Metamorphosis: From Steel Yard to Show Grounds

Inspired by a Model Froelich, Idaho Man Builds His Own


| November/December 2003



1892 Froelich

Head-on view of D.J. Baisch's 1892 Froelich replica.

This project came about quite by accident, and was prompted when I received a model of the famous 1892 Froelich tractor (generally considered the first gasoline-powered tractor in the U.S.) a number of years ago as a present from my family.

I am disabled (the result of a bad head injury and a couple of other accidents), and I only have one good arm, one good eye and little or no short-term memory. For me, restoring old machinery is good - if sometimes frustrating - therapy.

An old cut of John Froelich's original tractor. Compare this with the photos at left and below and it's clear how faithful D.J.'s replica is to the original. Froelich's success with this tractor led to the creation of the Waterloo Gasoline Engine Co., Waterloo, Iowa.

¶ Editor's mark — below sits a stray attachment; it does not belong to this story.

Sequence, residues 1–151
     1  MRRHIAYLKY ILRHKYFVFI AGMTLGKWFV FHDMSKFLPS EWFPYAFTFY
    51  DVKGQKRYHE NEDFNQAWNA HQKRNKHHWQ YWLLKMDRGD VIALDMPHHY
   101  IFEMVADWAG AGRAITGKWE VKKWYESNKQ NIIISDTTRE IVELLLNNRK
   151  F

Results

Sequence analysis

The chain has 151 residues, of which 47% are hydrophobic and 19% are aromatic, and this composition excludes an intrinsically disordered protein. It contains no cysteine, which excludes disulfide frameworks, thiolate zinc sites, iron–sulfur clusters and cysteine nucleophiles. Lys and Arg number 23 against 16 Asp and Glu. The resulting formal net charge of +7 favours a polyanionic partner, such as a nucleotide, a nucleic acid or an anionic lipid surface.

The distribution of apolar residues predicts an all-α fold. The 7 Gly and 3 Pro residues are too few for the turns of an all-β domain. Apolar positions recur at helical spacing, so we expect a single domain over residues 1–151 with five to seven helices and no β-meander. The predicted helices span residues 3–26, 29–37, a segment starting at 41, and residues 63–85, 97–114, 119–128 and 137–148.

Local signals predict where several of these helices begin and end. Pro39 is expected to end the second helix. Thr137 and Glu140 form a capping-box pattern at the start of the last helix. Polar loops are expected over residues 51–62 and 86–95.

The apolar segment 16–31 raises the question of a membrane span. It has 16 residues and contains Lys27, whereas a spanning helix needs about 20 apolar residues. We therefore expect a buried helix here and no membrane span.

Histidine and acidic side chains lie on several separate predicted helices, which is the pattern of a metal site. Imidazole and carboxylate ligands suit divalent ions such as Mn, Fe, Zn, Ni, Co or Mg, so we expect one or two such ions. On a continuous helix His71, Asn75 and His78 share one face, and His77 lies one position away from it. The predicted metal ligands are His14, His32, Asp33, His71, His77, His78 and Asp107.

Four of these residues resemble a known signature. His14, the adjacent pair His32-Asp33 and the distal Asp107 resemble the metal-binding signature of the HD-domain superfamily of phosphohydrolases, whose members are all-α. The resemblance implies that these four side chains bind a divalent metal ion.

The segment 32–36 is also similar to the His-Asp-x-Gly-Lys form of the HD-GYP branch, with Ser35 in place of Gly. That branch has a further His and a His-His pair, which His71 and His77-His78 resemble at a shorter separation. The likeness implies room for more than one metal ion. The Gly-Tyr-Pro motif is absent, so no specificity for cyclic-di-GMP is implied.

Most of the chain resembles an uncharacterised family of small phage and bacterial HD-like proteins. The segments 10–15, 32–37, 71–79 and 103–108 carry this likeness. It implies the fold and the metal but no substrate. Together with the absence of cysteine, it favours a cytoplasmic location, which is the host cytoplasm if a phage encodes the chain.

Inspiration

A few years after receiving the Froelich model, I purchased an early 1900s Fairbanks-Morse 6 HP Type T vertical engine, and while restoring it an idea hit me. I looked at the Froelich model, then at the vertical FM. I went back and forth between the two a couple of times and said to myself 'I can do this!' The project was born.

The project, in case you haven't guessed, was to build a replica of the 1892 Froelich tractor. The FM engine was a perfect choice, as it looks very similar to the 16 HP (some sources say 20 HP) vertical hit-and-miss Van Duzen originally used by John Froelich in 1892.

After a lot of measuring and scaling I decided I could recreate the Froelich at a 12:1 scale. By allowing for the difference in the width of the FM engine and the model engine, and by fudging a little here and a little there, I knew I could make it look right. The first thing I decided to hunt down were the gears I would need.